A Right But Wrong Place: Righting and Rewriting Citizens United
Harold Anthony Lloyd
Wake Forest University School of Law
September 26, 2010
56 South Dakota Law Review 219 (2011)
The majority in Citizens United would create corporate free speech rights in the wrong place. Although corporations should have certain derivative procedural due process and property rights, granting them free speech rights should not survive Constitutional scrutiny. Instead, free speech rights (which also predate the Constitution) should lie solely with natural persons. This means that natural persons should have free speech rights to hear corporate speech but corporations should have no free speech rights themselves. Putting free speech rights in the right place (i.e., with natural persons) clarifies the task involved in reconciling such rights with other rights of the same natural persons to a functioning representative government (which latter rights also predate the Constitution). One must harmonize natural persons' free speech and functional representative government rights in a manner which harms neither of these rights and, if possible, increases the benefits of one or both. Disclaimer requirements work by increasing freedom of speech and PAC limitations work without diminishing freedom of speech. Equal time and variable funding restrictions work in theory but prove undesirable in practice. Finally, the so-called “problem” of corporate media speech is a canard resulting from the failure to distinguish between speech as speech and speech as property.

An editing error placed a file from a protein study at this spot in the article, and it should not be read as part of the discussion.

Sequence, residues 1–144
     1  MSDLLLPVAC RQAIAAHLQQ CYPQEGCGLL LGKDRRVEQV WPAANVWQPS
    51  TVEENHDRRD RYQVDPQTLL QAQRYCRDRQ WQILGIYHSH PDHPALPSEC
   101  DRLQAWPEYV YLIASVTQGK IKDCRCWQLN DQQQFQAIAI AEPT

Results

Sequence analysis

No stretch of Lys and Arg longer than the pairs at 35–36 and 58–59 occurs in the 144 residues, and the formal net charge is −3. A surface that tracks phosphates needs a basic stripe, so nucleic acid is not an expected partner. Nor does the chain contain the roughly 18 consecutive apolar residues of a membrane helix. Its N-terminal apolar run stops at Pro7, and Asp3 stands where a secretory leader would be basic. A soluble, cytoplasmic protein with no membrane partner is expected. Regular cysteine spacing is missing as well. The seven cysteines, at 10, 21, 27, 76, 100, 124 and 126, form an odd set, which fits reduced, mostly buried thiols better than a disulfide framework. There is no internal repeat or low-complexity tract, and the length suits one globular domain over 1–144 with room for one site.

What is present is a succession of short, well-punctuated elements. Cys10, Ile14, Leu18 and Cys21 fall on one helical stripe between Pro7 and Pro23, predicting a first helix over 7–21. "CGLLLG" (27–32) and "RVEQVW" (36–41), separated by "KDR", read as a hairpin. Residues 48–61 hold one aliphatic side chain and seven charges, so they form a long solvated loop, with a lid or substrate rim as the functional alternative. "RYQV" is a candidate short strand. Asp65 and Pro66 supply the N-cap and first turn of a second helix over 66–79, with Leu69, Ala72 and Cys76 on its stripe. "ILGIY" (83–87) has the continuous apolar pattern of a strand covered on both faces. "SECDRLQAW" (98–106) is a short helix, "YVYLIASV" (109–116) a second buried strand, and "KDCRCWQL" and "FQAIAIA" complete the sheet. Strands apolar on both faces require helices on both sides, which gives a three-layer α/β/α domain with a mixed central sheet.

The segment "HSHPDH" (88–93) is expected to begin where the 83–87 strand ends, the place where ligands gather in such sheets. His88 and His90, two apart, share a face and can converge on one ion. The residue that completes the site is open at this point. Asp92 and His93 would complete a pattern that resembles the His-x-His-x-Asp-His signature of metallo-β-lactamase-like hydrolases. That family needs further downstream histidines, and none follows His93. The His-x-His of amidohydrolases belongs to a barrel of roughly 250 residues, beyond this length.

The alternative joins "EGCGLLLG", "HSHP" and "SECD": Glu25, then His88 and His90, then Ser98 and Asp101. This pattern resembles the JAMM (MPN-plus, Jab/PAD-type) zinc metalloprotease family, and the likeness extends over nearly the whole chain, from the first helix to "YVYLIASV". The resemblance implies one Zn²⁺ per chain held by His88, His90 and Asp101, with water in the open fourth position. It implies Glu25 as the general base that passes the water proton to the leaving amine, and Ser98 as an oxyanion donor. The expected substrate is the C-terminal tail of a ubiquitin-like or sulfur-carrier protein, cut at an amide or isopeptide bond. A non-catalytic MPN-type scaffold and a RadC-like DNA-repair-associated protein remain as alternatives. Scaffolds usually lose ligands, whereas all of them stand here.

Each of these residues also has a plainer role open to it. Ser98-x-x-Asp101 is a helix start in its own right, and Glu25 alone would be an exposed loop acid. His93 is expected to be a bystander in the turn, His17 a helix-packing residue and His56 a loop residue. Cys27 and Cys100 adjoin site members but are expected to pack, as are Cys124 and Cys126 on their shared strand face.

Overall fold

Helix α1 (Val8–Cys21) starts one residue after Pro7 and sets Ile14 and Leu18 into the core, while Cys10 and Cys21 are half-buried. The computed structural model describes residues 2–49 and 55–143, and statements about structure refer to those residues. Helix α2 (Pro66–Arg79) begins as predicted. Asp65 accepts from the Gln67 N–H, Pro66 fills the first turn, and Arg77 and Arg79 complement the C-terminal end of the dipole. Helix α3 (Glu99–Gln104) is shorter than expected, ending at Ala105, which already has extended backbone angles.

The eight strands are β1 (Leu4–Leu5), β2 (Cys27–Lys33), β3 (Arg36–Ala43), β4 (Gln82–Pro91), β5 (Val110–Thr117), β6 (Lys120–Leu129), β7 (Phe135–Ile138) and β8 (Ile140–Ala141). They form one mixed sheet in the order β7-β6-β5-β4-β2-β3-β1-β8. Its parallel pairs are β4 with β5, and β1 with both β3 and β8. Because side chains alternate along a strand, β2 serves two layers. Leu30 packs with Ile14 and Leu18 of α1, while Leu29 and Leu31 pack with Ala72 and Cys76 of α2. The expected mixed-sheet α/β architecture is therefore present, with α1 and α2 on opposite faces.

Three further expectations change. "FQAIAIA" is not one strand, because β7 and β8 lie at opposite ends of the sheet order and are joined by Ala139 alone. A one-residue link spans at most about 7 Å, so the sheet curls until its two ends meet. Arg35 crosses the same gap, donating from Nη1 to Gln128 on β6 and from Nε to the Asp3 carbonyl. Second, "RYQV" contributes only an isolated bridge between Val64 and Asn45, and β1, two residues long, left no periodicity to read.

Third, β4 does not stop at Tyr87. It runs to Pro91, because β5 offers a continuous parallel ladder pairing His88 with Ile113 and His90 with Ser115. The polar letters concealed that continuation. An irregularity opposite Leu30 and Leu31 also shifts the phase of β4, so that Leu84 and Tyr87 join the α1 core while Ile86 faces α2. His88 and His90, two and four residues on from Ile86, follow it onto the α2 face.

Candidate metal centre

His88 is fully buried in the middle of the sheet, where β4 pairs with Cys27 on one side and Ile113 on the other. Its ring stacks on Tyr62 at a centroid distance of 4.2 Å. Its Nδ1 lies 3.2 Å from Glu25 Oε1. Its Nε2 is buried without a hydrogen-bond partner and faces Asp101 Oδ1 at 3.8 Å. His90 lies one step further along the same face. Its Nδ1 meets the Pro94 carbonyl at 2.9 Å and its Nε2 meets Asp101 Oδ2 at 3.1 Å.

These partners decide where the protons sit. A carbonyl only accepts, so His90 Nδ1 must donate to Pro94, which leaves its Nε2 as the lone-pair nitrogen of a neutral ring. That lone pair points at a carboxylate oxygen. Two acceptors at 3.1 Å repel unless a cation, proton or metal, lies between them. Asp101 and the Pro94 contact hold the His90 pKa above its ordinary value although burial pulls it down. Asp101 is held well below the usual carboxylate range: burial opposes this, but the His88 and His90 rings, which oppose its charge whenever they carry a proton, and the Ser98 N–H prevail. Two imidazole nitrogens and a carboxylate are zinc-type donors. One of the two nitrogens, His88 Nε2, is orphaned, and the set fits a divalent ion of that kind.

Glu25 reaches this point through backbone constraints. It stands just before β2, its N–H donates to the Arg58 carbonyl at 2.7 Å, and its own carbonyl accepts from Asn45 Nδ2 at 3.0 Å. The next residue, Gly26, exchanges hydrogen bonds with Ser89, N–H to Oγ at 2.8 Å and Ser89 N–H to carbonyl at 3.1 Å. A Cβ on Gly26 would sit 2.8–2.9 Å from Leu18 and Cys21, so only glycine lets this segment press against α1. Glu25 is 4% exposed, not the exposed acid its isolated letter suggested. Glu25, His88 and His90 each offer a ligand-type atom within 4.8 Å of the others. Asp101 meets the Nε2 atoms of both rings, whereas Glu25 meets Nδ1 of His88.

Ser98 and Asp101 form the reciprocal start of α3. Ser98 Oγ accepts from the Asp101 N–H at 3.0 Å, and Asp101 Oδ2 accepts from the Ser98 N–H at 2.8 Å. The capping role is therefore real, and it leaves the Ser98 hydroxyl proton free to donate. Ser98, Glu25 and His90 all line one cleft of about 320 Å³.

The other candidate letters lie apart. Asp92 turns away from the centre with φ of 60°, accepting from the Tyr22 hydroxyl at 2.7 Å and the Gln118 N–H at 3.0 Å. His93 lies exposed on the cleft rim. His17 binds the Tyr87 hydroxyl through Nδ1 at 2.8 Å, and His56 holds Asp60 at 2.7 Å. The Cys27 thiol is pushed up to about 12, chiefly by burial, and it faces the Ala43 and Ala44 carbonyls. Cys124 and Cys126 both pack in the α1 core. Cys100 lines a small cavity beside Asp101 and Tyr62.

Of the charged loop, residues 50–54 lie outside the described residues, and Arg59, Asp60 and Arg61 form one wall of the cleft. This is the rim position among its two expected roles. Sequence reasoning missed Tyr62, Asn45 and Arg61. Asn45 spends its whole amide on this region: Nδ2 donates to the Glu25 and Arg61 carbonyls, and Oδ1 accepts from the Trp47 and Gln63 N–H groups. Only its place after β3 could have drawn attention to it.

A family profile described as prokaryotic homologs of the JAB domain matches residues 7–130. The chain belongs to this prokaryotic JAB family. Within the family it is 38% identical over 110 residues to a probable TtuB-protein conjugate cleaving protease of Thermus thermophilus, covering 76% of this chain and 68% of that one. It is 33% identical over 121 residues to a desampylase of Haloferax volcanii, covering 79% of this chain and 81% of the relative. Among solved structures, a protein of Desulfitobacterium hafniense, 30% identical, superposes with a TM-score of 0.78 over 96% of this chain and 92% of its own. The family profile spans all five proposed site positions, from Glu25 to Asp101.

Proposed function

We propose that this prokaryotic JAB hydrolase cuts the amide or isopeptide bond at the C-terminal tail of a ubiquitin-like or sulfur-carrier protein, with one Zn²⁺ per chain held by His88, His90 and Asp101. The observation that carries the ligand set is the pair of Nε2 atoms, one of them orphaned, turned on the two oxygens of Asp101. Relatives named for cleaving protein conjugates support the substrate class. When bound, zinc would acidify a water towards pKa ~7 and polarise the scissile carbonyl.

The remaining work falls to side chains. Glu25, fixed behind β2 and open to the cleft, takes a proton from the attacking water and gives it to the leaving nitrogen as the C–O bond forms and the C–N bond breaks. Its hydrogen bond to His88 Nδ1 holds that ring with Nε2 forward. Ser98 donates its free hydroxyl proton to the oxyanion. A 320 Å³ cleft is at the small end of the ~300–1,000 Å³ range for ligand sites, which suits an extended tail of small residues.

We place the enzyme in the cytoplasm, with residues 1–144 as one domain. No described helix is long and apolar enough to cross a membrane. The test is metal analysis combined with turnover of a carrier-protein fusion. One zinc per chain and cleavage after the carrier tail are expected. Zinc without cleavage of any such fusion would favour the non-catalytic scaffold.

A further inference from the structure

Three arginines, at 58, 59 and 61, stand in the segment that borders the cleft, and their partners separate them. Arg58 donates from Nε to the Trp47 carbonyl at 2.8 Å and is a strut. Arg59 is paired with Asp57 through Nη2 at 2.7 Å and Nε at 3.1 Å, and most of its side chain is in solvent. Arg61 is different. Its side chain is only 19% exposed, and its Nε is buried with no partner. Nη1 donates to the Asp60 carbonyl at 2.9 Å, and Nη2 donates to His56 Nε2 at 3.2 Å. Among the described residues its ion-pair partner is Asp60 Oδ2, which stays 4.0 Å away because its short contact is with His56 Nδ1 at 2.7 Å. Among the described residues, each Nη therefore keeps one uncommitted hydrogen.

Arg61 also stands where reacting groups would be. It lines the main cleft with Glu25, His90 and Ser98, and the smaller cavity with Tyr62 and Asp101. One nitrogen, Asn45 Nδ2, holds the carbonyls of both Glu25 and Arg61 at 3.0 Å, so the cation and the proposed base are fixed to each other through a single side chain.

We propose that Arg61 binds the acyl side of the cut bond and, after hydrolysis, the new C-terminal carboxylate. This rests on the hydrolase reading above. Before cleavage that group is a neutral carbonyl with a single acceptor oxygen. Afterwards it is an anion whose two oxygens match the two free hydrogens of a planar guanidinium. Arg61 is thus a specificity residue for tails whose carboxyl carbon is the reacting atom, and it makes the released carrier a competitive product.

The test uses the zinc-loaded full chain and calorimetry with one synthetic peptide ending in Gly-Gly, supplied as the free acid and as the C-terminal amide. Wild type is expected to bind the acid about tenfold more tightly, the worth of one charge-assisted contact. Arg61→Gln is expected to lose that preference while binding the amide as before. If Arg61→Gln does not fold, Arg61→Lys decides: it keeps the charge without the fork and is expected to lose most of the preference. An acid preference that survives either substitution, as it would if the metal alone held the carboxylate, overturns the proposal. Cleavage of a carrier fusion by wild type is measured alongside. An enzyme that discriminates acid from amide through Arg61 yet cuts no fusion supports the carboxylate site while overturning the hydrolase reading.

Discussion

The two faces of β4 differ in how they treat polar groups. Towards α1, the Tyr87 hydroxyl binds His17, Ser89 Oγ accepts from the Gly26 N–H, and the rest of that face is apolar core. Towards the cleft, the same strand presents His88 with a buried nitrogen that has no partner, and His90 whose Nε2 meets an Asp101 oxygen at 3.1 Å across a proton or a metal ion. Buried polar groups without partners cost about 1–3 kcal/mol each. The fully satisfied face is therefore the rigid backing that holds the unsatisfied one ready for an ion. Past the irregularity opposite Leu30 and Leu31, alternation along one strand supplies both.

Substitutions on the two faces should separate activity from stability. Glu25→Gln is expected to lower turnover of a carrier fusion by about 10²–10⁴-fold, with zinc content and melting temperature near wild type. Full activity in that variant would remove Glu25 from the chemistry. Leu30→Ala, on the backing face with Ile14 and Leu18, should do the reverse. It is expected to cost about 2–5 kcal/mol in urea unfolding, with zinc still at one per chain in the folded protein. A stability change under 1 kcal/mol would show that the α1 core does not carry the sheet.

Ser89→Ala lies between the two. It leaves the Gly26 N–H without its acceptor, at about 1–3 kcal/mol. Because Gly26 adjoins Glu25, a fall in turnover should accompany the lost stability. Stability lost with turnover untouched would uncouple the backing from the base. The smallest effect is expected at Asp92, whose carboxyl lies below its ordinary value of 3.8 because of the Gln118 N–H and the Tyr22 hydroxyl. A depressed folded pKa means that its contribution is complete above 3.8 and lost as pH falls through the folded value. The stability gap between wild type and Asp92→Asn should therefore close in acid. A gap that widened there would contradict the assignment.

Number of Pages in PDF File: 20
Keywords: Citizens United, Free Speech, First Amendment, Media Corporations, PACs, Political Action Committees, Campaign Finance, Elections, Constitutional Law
Date posted: September 26, 2010 ; Last revised: June 3, 2012
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